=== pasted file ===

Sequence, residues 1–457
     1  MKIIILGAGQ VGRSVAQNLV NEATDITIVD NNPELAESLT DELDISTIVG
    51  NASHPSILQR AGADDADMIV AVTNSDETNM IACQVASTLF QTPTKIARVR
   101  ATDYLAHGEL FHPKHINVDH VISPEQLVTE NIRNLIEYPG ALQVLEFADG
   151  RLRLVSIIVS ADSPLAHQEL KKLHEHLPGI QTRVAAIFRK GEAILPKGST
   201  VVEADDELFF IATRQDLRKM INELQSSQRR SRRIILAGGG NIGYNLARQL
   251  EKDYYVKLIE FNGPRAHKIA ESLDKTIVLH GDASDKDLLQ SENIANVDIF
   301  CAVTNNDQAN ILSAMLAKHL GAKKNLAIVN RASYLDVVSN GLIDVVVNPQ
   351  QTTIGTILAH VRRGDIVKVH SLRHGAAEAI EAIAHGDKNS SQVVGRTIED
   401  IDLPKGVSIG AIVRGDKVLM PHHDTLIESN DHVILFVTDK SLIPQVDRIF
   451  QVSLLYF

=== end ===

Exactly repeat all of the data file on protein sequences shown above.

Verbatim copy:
Sequence, residues 1–457
     1  MKIIILGAGQ VGRSVAQNLV NEATDITIVD NNPELAESLT DELDISTIVG
    51  NASHPSILQR AGADDADMIV AVTNSDETNM IACQVASTLF QTPTKIARVR
   101  ATDYLAHGEL FHPKHINVDH VISPEQLVTE NIRNLIEYPG ALQVLEFADG
   151  RLRLVSIIVS ADSPLAHQEL KKLHEHLPGI QTRVAAIFRK GEAILPKGST
   201  VVEADDELFF IATRQDLRKM INELQSSQRR SRRIILAGGG NIGYNLARQL
   251  EKDYYVKLIE FNGPRAHKIA ESLDKTIVLH GDASDKDLLQ SENIANVDIF
   301  CAVTNNDQAN ILSAMLAKHL GAKKNLAIVN RASYLDVVSN GLIDVVVNPQ
   351  QTTIGTILAH VRRGDIVKVH SLRHGAAEAI EAIAHGDKNS SQVVGRTIED
   401  IDLPKGVSIG AIVRGDKVLM PHHDTLIESN DHVILFVTDK SLIPQVDRIF
   451  QVSLLYF